I guess that’s my big issue, that there was very little discussion of the positives in the humor. It came off as unbalanced rantings of people who don’t care for Mormons. If that what it was, so be it I suppose. Lindsay had a throw-away “I like Mormon humor” at the end of the podcast but never followed up on why. So if you listen to this, you come away thinking Mormons are simpletons that laugh at anything that is rated PG or lower, think all PG-13 and above humor is not funny (except for the times that they do think it’s funny), and have no original contributions to comedy. I found the whole thing absurd.

    We all know really, really funny Mormons. It’s easy to find them.

  3. Lanie Reply

    Has anyone here seen Studio C, the squeaky clean version of SNL? It seems to be a pretty good barometer for what Mormons find funny; lots of pop-culture references to Star Wars/Harry Potter/Princess Bride. Several of the skits are well-written and pretty funny, and others are a way for Mormons to make fun of liberal culture (i.e. Whole Foods jokes, and calling Voldemort a “democrat”, etc.), but other times they poke fun at their own super-conservatism.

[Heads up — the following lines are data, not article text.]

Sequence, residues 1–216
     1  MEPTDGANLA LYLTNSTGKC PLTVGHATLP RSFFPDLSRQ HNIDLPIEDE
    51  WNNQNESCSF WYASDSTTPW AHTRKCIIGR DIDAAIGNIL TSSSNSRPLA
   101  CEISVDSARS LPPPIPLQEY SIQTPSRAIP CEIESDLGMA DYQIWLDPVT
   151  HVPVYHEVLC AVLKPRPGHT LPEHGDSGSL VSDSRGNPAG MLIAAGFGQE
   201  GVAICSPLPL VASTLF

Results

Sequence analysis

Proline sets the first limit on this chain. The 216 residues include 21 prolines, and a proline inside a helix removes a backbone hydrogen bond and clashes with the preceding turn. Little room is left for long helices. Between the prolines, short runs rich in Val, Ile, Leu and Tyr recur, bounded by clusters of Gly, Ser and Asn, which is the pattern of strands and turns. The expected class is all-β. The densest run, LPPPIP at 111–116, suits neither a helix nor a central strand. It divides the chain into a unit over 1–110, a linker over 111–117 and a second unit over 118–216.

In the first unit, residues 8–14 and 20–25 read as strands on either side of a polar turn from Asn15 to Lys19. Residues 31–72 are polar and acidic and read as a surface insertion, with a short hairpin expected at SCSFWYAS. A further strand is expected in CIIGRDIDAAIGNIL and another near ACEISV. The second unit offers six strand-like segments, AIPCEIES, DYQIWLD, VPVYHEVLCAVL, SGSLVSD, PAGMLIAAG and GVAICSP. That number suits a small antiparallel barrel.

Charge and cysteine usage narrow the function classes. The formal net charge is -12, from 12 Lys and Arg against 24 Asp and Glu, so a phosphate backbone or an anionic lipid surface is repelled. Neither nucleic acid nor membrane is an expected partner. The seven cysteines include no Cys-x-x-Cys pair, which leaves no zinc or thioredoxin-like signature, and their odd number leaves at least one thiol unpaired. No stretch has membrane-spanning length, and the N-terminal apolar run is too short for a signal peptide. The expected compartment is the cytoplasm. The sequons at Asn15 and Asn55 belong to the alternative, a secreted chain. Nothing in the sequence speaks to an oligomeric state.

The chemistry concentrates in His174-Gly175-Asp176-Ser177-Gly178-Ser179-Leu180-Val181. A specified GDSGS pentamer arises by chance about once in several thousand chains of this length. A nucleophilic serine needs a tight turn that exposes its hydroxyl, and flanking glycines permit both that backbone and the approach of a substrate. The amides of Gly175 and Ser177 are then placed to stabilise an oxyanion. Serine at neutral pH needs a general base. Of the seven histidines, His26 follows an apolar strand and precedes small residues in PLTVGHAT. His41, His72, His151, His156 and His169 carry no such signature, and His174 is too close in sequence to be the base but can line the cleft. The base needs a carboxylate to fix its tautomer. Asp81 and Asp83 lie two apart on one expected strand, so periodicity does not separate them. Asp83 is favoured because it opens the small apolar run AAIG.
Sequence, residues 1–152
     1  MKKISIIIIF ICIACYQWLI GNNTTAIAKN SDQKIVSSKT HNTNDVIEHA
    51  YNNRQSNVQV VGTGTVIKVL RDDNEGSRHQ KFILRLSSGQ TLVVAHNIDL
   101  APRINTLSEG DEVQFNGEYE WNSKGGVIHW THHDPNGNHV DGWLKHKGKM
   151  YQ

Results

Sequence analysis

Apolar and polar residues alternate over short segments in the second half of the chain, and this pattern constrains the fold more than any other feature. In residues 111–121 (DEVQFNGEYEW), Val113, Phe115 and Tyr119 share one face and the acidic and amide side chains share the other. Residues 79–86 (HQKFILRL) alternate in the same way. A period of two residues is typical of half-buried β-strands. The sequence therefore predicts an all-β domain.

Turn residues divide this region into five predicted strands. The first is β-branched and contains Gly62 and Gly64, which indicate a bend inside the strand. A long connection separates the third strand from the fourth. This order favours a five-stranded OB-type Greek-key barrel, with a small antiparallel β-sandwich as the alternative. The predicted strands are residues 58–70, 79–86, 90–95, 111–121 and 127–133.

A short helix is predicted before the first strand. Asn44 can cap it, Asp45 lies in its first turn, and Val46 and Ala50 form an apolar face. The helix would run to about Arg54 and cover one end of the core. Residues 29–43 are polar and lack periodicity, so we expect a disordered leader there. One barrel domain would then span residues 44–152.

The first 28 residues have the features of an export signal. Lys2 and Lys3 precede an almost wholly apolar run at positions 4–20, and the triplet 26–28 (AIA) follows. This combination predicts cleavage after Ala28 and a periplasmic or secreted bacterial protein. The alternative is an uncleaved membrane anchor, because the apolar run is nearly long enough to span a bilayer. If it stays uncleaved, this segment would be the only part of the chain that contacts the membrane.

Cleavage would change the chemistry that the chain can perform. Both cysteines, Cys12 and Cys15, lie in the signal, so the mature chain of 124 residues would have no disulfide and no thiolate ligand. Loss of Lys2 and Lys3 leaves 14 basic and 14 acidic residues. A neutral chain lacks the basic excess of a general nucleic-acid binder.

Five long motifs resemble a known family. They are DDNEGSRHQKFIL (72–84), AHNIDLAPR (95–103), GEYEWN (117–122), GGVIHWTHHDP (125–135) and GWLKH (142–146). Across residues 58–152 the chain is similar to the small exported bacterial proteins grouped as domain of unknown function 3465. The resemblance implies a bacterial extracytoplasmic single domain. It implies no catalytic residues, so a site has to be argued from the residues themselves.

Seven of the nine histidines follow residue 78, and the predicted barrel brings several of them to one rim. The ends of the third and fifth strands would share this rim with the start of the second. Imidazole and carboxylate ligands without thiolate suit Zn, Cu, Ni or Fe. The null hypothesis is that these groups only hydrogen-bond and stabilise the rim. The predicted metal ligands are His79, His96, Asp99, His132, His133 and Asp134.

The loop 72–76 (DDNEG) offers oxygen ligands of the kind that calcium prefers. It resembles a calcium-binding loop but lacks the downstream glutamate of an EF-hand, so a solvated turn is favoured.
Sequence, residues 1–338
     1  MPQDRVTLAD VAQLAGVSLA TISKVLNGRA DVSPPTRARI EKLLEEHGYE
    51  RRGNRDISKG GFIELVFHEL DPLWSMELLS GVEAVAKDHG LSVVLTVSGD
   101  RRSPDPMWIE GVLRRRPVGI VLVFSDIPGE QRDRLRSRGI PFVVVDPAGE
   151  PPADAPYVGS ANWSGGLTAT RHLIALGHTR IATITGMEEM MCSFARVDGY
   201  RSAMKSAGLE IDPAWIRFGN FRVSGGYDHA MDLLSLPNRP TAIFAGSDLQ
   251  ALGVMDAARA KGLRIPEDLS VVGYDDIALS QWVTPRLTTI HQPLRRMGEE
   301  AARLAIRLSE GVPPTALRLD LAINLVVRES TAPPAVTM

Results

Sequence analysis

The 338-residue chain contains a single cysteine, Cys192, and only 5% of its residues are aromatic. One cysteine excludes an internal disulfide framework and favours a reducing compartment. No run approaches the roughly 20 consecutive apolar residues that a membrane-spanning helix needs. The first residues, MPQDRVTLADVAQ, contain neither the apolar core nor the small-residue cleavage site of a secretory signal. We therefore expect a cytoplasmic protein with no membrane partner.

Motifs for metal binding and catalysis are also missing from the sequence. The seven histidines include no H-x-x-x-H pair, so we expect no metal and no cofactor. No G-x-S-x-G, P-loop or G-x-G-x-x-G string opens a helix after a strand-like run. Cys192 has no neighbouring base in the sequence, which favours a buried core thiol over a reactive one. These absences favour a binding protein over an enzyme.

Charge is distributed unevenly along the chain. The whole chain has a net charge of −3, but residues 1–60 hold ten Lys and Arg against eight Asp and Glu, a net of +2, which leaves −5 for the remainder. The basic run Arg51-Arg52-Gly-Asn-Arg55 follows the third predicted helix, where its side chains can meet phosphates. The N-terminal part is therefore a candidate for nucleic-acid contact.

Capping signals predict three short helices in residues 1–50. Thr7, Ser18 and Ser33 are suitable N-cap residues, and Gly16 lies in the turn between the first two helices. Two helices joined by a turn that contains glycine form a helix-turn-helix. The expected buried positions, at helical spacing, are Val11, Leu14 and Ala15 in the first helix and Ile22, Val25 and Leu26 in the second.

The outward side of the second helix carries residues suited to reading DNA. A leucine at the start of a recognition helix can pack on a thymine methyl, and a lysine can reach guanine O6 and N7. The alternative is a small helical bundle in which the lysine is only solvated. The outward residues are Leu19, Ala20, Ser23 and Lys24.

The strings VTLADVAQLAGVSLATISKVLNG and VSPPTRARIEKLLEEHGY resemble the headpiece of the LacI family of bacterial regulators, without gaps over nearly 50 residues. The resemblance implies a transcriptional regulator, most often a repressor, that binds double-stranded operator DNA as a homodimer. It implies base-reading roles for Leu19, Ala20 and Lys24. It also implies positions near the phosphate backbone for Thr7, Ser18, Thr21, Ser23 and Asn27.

• R Nephi Smith Reply

      I was expecting a mention of Studio C, my nephews quote it all the time. Any bits relying on physical humor (another “safe area” like puns) are fairly good, but attempts at satire and social commentary tend to be pretty lame.

  4. Crystal Reply

    I am so out of the loop, I had no idea there were Uchtdorf “hey, sister…” Memes. Very creepy, and “I’m too hie to Holob” totally cracked me up.

  5. David Christiansen Reply

    You mentioned Johnny B’s in the 90’s. See if this looks familiar…http://youtu.be/uF_U6pOAOFE
    I started doing comedy there and then spent the next 15 years on the comedy circuit, eventually working in 48 states. Never did much LDS-centered bits, other than one vague reference that justified why I worked so clean. “My mom is catholic, my dad’s a Mormon…I have more guilt than a Jew.”
    It never made sense to me doing Mormon references 20 years ago,unless I planned on staying in Utah. The rest of the country wouldn’t have a clue what I was talking about anyway.
    Comedy served me for a lot of years, and led to other opportunities…all starting from what was before Johnny B’s, actually. It was called The a Backstreet Café, and a place in SLC, called “Cartoons.” Once I even got Christopher Titus to drive down from SLC to Provo to do a show for $50 and a ride. Hey, you wanna see the ever edgy playwright/director, Neil LaBute in a pre-Halestorm comedy? http://youtu.be/QglGi3BH0qY He’s beardless and skinny in that. Many years later, I found that gem of a film we made selling in Brazil with subtitles.

  6. Alan Reply

    The most hilarious part of this episode is how Lindsay says “hilarious”. Cracks me up every time.